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Genetic Mutation Tied to Multiple Sclerosis Development in Study

NEW YORK (GenomeWeb) – A Canadian research team has found a gene mutation that can be directly connected to some patients' development of multiple sclerosis.

MS is a neurodegenerative disease in which the myelin that protects nerve fibers are attacked by the body's immune system, upsetting the flow of information between the brain and the body. It affects 250,000 to 350,000 people in the United States, according to the National Institutes of Health, and there are few treatments available to patients diagnosed with the more severe and progressive form of the disease.

Approximately 15 percent of MS cases are estimated to be hereditary, according to the NIH, but until now researchers conducting genetic studies have found only weak associations between the risk of developing MS and particular gene variants. 

The findings, published this week in the journal Neuron, verify that at least some cases of MS are inherited and that there is at least one gene associated with genetic risk factors for the disease.

"Little is known about the biological processes that lead to the onset of the disease, and this discovery has massive amounts of potential for developing new treatments that tackle the underlying causes, not just the symptoms," senior author Carles Vilariño-Güell, assistant professor in the department of medical genetics at the University of British Columbia in Vancouver, said in a statement.

The researchers looked at exome sequencing and Sanger sequencing data from almost 2,000 families across Canada — including 2,053 MS patients and 799 unrelated healthy control subjects — provided by the Canadian Collaborative Project on the Genetic Susceptibility to Multiple Sclerosis. They then identified variants and analyzed them to determine if there were shared gene signatures.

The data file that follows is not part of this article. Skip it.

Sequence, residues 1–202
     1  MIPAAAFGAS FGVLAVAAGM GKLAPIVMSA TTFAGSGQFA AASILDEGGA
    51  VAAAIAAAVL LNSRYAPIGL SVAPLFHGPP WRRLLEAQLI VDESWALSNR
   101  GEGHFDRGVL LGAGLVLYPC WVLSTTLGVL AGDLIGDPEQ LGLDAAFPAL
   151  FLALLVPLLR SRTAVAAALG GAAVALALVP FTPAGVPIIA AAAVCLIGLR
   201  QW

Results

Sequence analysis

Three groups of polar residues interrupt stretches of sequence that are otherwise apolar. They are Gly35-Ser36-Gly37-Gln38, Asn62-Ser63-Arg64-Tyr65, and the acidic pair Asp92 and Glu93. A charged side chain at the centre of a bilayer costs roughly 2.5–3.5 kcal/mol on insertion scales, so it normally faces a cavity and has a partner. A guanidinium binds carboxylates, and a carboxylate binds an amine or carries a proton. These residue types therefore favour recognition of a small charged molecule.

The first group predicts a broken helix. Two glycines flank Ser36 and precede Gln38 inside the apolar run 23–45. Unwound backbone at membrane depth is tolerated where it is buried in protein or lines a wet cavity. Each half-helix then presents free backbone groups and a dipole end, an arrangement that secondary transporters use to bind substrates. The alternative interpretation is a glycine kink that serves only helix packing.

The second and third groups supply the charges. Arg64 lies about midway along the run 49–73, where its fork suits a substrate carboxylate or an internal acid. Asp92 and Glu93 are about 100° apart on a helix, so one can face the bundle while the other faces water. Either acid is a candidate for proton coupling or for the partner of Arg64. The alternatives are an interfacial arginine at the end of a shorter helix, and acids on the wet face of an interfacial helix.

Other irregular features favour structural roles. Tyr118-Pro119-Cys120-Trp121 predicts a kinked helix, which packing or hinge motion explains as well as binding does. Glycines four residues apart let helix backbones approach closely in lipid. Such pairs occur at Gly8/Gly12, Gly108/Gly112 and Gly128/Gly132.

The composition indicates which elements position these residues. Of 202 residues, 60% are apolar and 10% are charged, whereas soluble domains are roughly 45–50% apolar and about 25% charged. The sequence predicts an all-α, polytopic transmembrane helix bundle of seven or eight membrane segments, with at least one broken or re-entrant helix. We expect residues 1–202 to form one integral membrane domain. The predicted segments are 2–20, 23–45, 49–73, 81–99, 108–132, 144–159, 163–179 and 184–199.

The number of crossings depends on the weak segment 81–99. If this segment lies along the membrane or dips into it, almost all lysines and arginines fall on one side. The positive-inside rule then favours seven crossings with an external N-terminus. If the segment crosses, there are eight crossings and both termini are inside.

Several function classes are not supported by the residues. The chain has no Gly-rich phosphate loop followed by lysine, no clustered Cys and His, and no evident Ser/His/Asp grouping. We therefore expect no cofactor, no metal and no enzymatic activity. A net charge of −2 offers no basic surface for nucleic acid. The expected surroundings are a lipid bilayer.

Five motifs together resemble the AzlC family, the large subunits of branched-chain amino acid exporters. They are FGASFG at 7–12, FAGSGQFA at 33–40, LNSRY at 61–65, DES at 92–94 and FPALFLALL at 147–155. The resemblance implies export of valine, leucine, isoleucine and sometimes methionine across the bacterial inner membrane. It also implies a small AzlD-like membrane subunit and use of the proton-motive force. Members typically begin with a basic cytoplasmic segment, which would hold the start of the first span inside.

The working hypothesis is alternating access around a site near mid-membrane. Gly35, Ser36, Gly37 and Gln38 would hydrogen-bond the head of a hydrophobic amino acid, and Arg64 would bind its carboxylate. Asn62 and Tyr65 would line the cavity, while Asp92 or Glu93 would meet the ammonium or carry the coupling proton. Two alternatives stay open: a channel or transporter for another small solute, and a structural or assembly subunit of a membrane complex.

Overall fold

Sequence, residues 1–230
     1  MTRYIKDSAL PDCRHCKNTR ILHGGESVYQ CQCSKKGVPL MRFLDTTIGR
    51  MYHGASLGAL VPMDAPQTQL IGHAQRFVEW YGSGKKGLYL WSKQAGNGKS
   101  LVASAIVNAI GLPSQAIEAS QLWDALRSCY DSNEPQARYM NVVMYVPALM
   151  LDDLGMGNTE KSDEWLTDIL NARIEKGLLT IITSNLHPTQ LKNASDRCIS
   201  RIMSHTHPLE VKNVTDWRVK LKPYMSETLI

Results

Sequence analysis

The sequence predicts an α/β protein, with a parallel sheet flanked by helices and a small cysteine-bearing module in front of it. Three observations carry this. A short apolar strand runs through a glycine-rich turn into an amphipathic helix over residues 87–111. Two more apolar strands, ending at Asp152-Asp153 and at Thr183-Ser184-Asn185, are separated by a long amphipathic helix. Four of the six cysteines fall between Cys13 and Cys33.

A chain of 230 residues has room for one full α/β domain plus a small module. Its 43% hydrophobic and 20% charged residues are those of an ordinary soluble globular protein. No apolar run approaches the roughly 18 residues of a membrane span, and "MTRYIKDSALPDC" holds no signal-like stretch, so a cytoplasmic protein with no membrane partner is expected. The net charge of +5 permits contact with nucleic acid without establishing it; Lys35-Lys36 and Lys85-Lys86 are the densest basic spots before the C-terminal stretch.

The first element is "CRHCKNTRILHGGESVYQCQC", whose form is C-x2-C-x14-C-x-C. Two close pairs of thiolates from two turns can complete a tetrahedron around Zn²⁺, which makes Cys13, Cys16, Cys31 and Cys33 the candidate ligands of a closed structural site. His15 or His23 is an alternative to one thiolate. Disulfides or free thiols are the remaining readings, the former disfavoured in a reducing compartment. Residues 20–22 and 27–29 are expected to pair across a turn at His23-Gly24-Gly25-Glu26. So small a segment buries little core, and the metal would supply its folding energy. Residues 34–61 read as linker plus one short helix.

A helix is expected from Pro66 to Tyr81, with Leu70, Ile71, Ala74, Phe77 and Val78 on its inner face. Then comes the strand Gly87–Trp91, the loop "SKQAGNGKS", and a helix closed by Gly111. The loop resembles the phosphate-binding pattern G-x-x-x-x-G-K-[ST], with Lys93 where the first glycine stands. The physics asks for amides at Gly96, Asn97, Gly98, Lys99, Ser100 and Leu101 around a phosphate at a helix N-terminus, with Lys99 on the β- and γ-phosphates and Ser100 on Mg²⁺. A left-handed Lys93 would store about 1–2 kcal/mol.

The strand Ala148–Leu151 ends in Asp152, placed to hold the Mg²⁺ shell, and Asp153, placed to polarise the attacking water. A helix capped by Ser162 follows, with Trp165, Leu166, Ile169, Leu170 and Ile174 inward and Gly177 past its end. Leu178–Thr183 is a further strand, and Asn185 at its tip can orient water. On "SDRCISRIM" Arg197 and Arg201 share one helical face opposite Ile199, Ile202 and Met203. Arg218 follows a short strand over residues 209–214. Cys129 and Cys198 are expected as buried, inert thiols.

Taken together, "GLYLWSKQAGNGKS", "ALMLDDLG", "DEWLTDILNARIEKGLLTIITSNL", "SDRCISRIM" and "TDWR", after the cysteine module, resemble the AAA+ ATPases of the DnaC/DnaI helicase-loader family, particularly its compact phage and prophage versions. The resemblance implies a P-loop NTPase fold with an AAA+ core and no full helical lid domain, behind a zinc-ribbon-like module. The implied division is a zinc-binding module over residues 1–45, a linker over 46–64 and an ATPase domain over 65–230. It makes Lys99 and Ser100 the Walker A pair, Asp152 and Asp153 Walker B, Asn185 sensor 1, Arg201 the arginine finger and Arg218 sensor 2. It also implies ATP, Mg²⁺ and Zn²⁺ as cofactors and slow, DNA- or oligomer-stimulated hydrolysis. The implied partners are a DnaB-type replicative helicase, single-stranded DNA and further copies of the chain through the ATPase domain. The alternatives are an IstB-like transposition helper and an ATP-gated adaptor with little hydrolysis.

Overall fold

"The mutation we found, in a gene called NR1H3, is a missense mutation that causes loss of function of its gene product, LXRA protein," senior author Weihong Song, the research chair in Alzheimer's disease at UBC, said in a statement.

Previous studies have shown mice with NR1H3 knocked out are known to have neurological problems, including a decrease in myelin production. "This is clear evidence to support that this mutation has consequences in terms of biological function, and the defective LXRA protein leads to familial MS development," Song said.

The research team determined that people who carry the mutation in NR1H3 have a 70 percent chance of developing MS. While the mutation is only found in about 1 in 1,000 people with MS, performing a stratified association analysis, the researchers also found common variants in the same gene that are risk factors for progressive MS, Vilariño-Güell noted. "So, even if patients don't have the rare mutation, treatments that target this pathway would likely be able to help them," he said.

The researchers believe that the discovery of this gene mutation will enable them to develop cellular and animal models for MS that are physiologically relevant to human disease, which has not been possible before now. "These models will provide a good way for us to study the mechanism underlying the disease, as well as to screen for drugs that target it," Song said.

While research into MS is still considered at an early stage, there is already interest in targeting this pathway for drug development in other disease, including atherosclerosis. "If we are able to repurpose some of these experimental drugs, it could shorten the time it takes to develop targeted MS treatments," Vilariño-Güell said.